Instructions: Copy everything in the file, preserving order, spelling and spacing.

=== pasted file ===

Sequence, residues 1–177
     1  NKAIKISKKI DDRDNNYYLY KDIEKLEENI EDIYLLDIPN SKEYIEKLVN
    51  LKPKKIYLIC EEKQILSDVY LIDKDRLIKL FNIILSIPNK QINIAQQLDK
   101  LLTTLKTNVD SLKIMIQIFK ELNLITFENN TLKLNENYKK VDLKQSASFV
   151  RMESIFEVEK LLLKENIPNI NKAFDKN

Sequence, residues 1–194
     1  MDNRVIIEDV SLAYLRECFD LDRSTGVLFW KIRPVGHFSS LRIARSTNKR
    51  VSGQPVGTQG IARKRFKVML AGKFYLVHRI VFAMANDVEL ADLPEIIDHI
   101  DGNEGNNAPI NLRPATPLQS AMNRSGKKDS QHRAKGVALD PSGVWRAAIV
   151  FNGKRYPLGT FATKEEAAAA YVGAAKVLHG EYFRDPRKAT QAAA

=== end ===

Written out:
Sequence, residues 1–177
     1  NKAIKISKKI DDRDNNYYLY KDIEKLEENI EDIYLLDIPN SKEYIEKLVN
    51  LKPKKIYLIC EEKQILSDVY LIDKDRLIKL FNIILSIPNK QINIAQQLDK
   101  LLTTLKTNVD SLKIMIQIFK ELNLITFENN TLKLNENYKK VDLKQSASFV
   151  RMESIFEVEK LLLKENIPNI NKAFDKN

Sequence, residues 1–194
     1  MDNRVIIEDV SLAYLRECFD LDRSTGVLFW KIRPVGHFSS LRIARSTNKR
    51  VSGQPVGTQG IARKRFKVML AGKFYLVHRI VFAMANDVEL ADLPEIIDHI
   101  DGNEGNNAPI NLRPATPLQS AMNRSGKKDS QHRAKGVALD PSGVWRAAIV
   151  FNGKRYPLGT FATKEEAAAA YVGAAKVLHG EYFRDPRKAT QAAA